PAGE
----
Saga points to problem with expert testimony
Dissatisfaction over the handling of the investigation into the fatal shooting of Kumanjayi Walker by then constable Zach Rolfe is widely believed to have been a key factor in the downfall of former NT Police Commissioner Jamie Chalker.
A no-confidence vote by the force’s rank and file that came just months before Mr Chalker’s exit from the top job was called in the immediate aftermath of Mr Rolfe’s acquittal and may have led, at least in part, to the government forming the same conclusion last month.
And for Mr Rolfe’s supporters, revelations contained in a report prepared for Territory Coroner Elisabeth Armitage by Commander David Proctor represent the smoking gun that shows investigators were determined to see Mr Rolfe convicted of murder at all costs.
But that report, now almost two years old, was until recently the subject of a non-publication order issued by Ms Armitage, and for good reason.
Many of the conclusions drawn by Mr Proctor, while reached in good faith based on the information to hand at the time, are now known to have been misguided by assumptions that turned out to be incorrect.
Mr Proctor conceded as much in November when he was asked by counsel assisting the Coroner Patrick Coleridge about his conclusion the investigation into the shooting had been tainted by “confirmation bias” against Mr Rolfe.
Mr Coleridge: “Although you couldn’t exclude the possibility of confirmation bias in any (particular) case, you wouldn’t be of the opinion that there was confirmation bias in this case?”
Mr Proctor: “Not on the more recent evidence provided, no.”
It was for precisely this reason that Ms Armitage made the decision not to publish the report’s outdated conclusions before their author could be cross examined in light of the evidence that emerged at the inquest.
There is no doubt mistakes were made in the investigation, including as set out in a decision of Supreme Court Justice Dean Mildren that was critical of a failure by investigators to hand over Mr Proctor’s report to prosecutors and Mr Rolfe’s own lawyers, regardless of its limitations.
But those mistakes only serve as proof of the old adage contained in Hanlon’s razor – to never attribute to conspiracy that which can be explained by incompetence – and if anything, point to investigative failings that could have diminished the prospect of a successful prosecution.
Take, for example, passages contained in another report prepared even earlier than that of Mr Proctor by Commander Scott Pollack, that reveal then Deputy Director of Public Prosecutions Matt Nathan SC recommended against the retention of US criminologist Geoffrey Alpert as an expert witness in the case.
To construe his warning that Professor Alpert could be vulnerable “to cross examination around relevancy and being portrayed as an ivory tower academic” as anything other than a caution against calling a witness that might be unhelpful to the prosecution case can only be described as a wilful misinterpretation of the obvious intent of his words.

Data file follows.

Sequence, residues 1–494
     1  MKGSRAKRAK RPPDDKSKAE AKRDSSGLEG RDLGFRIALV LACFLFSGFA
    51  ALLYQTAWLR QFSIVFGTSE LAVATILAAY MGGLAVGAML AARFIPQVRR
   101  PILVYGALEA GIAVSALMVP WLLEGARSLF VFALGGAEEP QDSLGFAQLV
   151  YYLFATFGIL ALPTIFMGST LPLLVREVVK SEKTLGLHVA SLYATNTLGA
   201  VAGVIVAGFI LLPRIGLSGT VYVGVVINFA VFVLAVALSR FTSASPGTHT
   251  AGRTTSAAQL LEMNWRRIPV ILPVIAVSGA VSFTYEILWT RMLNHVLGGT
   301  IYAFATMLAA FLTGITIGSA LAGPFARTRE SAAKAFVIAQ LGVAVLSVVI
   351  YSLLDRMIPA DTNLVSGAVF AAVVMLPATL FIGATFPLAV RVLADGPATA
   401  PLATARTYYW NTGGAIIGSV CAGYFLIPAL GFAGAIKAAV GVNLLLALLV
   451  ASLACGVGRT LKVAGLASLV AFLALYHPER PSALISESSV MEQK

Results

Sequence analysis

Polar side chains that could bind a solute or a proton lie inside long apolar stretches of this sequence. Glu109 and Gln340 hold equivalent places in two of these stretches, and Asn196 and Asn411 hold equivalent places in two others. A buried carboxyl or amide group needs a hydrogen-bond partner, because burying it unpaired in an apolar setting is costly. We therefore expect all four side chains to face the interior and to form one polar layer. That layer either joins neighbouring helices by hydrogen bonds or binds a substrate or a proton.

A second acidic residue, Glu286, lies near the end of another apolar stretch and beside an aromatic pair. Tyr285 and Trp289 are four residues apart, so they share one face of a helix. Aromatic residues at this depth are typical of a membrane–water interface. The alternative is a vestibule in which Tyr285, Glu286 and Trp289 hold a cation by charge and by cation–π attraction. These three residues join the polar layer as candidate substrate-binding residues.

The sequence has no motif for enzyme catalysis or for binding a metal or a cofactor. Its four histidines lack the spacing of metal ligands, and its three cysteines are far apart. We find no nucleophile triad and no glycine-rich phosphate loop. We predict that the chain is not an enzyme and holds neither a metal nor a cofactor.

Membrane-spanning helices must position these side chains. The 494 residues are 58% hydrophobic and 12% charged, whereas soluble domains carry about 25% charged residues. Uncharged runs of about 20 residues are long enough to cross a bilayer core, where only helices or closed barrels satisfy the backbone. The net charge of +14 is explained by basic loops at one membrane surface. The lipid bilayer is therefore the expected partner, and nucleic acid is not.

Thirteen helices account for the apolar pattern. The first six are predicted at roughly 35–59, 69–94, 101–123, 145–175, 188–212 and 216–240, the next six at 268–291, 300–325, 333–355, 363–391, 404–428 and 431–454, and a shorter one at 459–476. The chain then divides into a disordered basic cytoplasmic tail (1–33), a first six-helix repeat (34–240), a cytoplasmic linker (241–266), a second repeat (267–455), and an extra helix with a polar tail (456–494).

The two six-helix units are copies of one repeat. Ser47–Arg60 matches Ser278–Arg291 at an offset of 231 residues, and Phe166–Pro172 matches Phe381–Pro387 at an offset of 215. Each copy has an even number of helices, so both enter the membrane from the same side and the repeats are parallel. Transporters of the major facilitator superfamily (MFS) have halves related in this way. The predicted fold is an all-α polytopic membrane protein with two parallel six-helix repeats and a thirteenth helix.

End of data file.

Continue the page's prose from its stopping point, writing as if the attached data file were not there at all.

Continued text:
But the saga does point to a wider problem with expert testimony.
Despite police initially pushing ahead with the use of Professor Alpert, ultimately the only expert witness called by the Crown at Mr Rolfe’s trial was NT Police Senior Sergeant Andrew Barram, who told the jury it was neither “reasonable” nor “necessary” for Mr Rolfe to have fired the fatal shots.
In general, prosecutors are required to call every witness who can provide relevant testimony about an alleged offence, whether helpful to their case or otherwise, but this is not so when it comes to expert witnesses, due in part to the impracticality of tracking down every academic in the world with potentially relevant qualifications.
In this case, Mr Rolfe had a highly experienced and effective legal team who were able to secure an expert witness of their own in Ben McDevitt, an impeccably qualified former Australian Federal Police special operations team leader and field supervisor, who testified powerfully in defence of Mr Rolfe’s actions.
But not everyone is so lucky, and while those who can’t afford their chosen silk are entitled to government funded representation, those defendants are stuck with whichever counsel is appointed for them, whose ability to secure an expert of Mr McDevitt’s calibre in fields that sometimes vastly differ from their own legal qualifications, may be lacking.
While no injustice was done in Mr Rolfe’s case, at times it means defendants can be placed at a significant forensic disadvantage – one need look no further than the results of a recent judicial inquiry into the convictions of Kathleen Folbigg for a salient example.
There is no easy solution to this thorny issue but it warrants far more attention than erroneous assumptions and the deliberate misreading of advice that was, in any event, ultimately followed.